Nothing. Just privacy. And the breaching of private contracts. And the rule of law. Aside from that, CISPA is just fine.

The enormous pushback against SOPA has forced the internet invaders to change their tactics and have crafted a bill called the Cyber Intelligence Sharing and Protection Act (CISPA) which, in typical Orwellian terms, does precious little in protecting and a lot in sharing – especially sharing without limit or constraint under law. As long as information shared with government agencies is well-intended, privacy breaches are protected: those whose privacy is invaded have no legal recourse.

That’s what the fuss is all about. This time, the Economist gets it right:

[The bill’s] fans, which include companies such as IBM and Intel, say the bill’s provisions will help America defend itself against attempts by hackers to penetrate vital infrastructure and pinch companies’ intellectual property.

CISPA’s critics, which include the Electronic Frontier Foundation, a digital- group, and Mozilla, the maker of the Firefox web browser, argue that it could achieve that goal without riding roughshod over laws designed to prevent the government getting its hands on citizens’ private data without proper judicial oversight…

In theory everything from e-mails to medical records could end up being shipped to intelligence agencies, even if it is not needed. Harvey Anderson of Mozilla says CISPA “creates a black hole” through which all kinds of data could be sucked in by the government.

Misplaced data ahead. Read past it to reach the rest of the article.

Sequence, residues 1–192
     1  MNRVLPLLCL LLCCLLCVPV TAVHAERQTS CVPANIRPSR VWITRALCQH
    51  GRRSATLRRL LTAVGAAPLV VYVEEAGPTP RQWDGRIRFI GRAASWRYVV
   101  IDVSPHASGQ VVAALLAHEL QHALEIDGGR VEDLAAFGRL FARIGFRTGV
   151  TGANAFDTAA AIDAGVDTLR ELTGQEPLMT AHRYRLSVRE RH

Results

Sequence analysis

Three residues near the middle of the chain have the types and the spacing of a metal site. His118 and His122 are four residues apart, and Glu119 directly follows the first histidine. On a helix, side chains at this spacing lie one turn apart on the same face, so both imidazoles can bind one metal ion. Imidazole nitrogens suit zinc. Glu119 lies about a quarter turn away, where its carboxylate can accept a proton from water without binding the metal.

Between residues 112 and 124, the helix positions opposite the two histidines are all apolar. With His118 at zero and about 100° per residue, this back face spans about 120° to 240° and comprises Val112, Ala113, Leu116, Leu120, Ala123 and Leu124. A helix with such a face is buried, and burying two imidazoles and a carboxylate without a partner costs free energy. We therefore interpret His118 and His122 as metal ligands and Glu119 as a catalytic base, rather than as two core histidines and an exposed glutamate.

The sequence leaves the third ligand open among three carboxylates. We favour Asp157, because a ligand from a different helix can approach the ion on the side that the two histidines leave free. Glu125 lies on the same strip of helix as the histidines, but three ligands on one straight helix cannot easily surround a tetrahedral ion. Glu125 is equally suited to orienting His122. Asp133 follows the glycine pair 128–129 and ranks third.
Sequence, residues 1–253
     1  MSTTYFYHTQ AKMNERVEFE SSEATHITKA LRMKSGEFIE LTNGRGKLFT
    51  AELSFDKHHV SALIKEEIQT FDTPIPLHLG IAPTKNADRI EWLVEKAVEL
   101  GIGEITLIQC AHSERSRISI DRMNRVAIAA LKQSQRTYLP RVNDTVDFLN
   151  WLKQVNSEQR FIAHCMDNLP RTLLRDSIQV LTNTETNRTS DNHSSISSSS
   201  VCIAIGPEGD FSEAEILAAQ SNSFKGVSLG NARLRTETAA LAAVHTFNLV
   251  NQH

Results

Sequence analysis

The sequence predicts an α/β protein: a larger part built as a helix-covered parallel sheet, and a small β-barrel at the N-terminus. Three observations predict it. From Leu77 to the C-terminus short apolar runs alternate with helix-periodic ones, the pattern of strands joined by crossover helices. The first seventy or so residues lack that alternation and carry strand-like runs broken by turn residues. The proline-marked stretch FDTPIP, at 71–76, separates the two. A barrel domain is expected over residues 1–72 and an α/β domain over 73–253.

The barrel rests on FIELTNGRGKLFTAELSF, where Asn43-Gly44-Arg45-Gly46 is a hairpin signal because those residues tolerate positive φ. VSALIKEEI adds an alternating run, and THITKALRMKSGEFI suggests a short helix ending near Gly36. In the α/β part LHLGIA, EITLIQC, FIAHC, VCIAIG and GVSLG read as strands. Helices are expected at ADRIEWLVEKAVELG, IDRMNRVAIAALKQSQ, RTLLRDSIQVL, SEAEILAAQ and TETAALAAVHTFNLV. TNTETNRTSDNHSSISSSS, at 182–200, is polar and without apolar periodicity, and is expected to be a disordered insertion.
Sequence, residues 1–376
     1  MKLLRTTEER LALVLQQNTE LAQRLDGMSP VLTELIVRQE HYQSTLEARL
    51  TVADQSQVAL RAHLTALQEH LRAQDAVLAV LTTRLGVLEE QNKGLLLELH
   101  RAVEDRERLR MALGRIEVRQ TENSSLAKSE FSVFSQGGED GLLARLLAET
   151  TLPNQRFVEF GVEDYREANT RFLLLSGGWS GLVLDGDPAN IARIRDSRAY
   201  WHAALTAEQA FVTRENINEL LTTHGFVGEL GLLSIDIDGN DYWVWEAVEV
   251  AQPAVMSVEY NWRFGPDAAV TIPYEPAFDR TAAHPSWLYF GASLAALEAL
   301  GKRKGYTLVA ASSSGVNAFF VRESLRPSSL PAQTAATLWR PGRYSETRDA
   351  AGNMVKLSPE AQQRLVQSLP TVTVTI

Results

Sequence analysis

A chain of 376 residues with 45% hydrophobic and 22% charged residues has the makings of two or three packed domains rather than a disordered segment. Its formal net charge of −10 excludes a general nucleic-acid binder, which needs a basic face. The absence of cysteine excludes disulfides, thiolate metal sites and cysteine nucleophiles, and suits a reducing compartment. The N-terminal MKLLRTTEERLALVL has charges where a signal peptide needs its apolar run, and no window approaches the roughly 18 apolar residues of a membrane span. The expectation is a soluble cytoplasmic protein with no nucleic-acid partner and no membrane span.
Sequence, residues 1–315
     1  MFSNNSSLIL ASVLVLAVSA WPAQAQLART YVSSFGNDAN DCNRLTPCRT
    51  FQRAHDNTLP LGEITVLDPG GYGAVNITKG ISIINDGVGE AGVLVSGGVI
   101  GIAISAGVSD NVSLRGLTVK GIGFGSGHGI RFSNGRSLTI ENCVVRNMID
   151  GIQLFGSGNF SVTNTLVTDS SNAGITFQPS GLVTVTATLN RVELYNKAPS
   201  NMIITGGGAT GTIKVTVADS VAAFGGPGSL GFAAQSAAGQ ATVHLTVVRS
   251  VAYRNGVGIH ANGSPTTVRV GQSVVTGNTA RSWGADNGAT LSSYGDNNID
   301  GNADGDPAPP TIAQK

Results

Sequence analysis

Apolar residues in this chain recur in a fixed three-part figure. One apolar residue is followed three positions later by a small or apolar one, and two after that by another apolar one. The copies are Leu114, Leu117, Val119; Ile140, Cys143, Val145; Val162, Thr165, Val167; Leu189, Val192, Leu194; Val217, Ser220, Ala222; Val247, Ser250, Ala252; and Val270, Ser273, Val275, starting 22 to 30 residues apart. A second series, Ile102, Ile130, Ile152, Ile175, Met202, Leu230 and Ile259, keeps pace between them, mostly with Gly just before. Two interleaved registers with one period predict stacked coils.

The bill does forbid the use by officials of personal information from medical records, tax returns and a list of other documents. But its critics say it would be far better if companies had to excise such data before sharing what is left.

What makes me nervous about CISPA and its real intent is the unwillingness of the House Rules Committee to go along with a simple amendment that would have relieved a lot of fears. The that the committee refused to do something this simple gives me reason to think there’s more here than just “cybersecurity”. Even the Economist agrees:

The broad legal protection CISPA offers to firms could be abused by companies keen to cover up mishaps in their handling of customer data. A more carefully worded legal indemnity would stop that happening.

CISPA appears to be another ham-handed intrusive solution to a simple problem: how to allow various ISPs to alert others, and government agencies, to threats voluntarily without exposing their customers’ private information for all the world to see.

When in doubt, I vote no.




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